Big data analytics startup adding healthcare channel

For healthcare reform to make the shift from the fee for service to outcomes based reimbursement that its architects envision, providers need to have a way to analyze big data that can make accurate predictions about patient populations, particularly people with chronic conditions. It’s going to take a lot of data scientists to respond to […]

For healthcare reform to make the shift from the fee for service to outcomes based reimbursement that its architects envision, providers need to have a way to analyze big data that can make accurate predictions about patient populations, particularly people with chronic conditions. It’s going to take a lot of data scientists to respond to that huge need.

In a phone interview with Predictify.me co-founder and CEO Robert Burns, he talked about its approach to predictive analytics to understand human behavior and its plans to roll out a predictive analytics tool for healthcare in June.

One of the things that makes the Research Triangle Park business unusual is that the four-month old company already has a team of data scientists at a time when supply falls far short of demand. Burns and co-founder and CTO Zeeshan-ul-hassan Usmani were Eisenhower Fellows. They were more interested in applying their predictive analytics platform to education issues such as identifying the cause of North Carolina universities’ dropout rate. The methodology behind Its flagship product, Hourglass, combining publicly available data and private data with a focus on human behavior resonates with other industries, particularly retail. It was approached by a national health system, impressed with the credentials of its fast growing staff of data scientists. About 20 have Masters degrees and five have PhDs and its continuing to add staff.

Since then it has attracted clients interested in using its services for everything from detecting Medicare fraud to predicting and improving patient outcomes. They use the data in different scenarios to predict outcomes. It’s worked with a clinic with a large percentage of no shows for follow-up appointments. For people who rely on public transportation, rainy days can delay transportation so we thought that might be a factor. But it turned out the reason was not the rain or transportation at all. It found there were a disproportionate number of cancellations by patients who had appointments with a couple of doctors or a nurse practitioner. There could be a lot of reasons for this beyond demeanor but the important thing is the tool was able to point to a potential problem at the clinic.

Predictify.me had started to raise a $1 million seed round but Burns said it stopped at $250,000, according to a Form D filing. Burns said it stopped because it just didn’t need all that funding. The number of clients it has gained in recent months minimized its capital needs.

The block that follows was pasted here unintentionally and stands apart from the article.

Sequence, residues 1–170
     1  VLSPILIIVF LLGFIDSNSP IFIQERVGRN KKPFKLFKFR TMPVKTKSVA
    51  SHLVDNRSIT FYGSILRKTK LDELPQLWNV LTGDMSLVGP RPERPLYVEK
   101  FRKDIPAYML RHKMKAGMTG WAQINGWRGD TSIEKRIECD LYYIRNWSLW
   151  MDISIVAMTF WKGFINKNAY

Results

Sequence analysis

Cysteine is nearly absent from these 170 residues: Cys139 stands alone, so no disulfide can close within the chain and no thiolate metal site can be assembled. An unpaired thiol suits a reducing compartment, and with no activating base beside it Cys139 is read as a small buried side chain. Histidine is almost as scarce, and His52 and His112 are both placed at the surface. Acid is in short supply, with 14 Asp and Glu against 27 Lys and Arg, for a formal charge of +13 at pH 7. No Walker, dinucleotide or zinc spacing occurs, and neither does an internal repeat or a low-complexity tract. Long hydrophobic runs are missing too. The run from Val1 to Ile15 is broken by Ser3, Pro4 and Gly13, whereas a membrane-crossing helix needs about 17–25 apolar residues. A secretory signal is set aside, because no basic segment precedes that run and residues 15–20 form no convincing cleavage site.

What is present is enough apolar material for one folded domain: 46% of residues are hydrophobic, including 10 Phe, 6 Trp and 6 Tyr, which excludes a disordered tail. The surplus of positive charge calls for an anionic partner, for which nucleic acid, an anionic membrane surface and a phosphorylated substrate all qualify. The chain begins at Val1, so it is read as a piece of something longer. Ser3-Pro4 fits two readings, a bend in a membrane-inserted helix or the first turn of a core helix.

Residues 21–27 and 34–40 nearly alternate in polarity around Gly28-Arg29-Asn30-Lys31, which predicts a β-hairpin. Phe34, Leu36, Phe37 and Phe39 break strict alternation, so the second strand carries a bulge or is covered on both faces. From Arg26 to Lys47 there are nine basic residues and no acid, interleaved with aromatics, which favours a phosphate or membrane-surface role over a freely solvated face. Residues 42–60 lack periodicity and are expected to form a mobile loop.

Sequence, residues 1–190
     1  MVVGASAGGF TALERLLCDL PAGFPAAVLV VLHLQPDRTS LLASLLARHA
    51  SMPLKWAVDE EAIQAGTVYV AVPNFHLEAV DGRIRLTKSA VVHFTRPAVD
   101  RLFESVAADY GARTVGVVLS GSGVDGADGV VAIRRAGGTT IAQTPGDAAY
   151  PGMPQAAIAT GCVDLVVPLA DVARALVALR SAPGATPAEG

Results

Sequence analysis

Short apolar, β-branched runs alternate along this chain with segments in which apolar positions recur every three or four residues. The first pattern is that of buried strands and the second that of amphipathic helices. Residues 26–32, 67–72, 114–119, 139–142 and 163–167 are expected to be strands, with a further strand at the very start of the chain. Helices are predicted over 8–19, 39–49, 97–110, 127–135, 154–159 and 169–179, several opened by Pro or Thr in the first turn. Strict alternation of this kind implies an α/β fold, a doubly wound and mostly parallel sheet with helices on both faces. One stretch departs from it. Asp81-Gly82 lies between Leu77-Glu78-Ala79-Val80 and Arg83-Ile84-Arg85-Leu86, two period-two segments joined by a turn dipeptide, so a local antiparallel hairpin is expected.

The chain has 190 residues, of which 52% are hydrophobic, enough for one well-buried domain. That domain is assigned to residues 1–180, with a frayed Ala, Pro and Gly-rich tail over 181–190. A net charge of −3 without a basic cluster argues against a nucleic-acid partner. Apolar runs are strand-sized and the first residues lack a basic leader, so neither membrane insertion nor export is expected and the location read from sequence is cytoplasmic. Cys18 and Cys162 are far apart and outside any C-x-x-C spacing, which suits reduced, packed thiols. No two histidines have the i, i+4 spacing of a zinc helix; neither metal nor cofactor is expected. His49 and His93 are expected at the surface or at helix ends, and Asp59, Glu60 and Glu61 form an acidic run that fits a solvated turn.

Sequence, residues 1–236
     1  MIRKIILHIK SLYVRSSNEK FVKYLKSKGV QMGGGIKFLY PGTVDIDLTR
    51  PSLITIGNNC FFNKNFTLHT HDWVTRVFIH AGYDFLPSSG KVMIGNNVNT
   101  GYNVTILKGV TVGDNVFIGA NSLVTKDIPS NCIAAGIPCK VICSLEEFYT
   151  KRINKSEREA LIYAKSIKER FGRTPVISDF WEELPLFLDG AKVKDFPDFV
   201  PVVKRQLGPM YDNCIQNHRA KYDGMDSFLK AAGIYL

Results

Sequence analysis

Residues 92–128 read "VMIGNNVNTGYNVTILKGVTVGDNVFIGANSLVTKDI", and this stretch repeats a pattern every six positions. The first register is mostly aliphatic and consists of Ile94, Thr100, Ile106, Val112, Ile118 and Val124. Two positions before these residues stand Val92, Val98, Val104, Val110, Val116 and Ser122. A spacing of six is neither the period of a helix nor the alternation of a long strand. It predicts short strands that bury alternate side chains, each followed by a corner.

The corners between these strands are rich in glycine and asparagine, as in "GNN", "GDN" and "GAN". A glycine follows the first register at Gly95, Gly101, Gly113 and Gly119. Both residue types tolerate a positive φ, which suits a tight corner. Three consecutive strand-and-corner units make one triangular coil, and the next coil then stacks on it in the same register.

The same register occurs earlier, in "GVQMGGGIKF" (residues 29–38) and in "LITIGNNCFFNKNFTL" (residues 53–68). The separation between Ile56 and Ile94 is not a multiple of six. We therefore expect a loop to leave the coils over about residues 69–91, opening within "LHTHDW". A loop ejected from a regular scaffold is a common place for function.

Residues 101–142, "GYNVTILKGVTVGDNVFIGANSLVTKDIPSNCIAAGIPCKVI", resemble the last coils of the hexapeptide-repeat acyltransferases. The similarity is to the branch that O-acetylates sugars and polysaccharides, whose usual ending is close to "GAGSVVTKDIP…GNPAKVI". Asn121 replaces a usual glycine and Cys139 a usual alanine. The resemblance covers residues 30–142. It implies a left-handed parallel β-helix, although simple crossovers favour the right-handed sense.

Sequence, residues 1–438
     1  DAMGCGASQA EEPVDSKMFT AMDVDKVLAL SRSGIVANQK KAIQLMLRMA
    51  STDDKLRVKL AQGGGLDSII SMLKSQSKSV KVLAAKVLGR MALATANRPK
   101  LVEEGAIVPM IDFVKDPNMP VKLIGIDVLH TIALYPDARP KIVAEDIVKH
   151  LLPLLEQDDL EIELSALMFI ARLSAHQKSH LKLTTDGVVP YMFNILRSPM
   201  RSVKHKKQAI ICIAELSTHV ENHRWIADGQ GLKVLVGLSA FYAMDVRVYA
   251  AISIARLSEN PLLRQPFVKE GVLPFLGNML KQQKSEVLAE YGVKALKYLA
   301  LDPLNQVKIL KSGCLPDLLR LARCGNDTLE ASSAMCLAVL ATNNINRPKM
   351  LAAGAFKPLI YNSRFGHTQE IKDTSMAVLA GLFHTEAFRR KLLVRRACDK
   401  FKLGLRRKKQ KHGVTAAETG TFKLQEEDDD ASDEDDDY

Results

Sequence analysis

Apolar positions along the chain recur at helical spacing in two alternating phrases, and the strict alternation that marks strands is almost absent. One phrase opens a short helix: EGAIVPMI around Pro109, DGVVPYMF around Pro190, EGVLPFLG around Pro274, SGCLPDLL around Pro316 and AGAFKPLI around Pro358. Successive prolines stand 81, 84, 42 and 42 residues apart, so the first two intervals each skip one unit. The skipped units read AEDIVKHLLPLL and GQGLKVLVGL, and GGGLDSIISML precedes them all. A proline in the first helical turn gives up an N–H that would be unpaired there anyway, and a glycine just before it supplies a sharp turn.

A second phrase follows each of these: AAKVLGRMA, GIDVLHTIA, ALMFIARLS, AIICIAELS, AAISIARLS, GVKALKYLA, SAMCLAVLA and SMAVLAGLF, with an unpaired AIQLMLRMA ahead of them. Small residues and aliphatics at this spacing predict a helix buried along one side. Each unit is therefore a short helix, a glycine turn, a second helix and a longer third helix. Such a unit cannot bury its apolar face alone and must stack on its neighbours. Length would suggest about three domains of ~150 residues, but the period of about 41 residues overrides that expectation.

Burns is very specific about the kind of clients it likes to work with. The size of the company isn’t an issue — it is comfortable providing a product with a price tag that’s approachable for small and medium-sized businesses. It prefers clients that are interested in collaborating and it prioritizes these clients. It makes sense since the contracting company can offer more insight on the data. “Someone who will pay us 5 times as much but doesn’t want to talk with us isn’t as valuable as a client that doesn’t mind a conversation as part of the process.”

“When you are looking at simulation environments that combine internal and external data requires a bigger commitment. It doesn’t mean that they need to have all the answers but they have to be willing to talk.”

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Burns doesn’t come across as someone who underestimates the challenge of making accountable care organizations and other tenets of healthcare reform work. I point out that if the data scientist need in healthcare is as significant as he thinks, it will take many years before ACOS can be effective on a wide scale. But he’s also an optimist. “If outcomes based care is going to work, companies have to be flexible, agile and it will require a tremendous amount of hard work and collaboration.”

Predictify.me is a global company, Burns emphasizes. Its healthcare division will have members in the US, but it’s just as likely have an office in Cambodia and other countries. It is also looking at adding 21 countries.  Having a global strategy will no doubt help its data scientist hiring and puts it in a solid position to grow its healthcare business.

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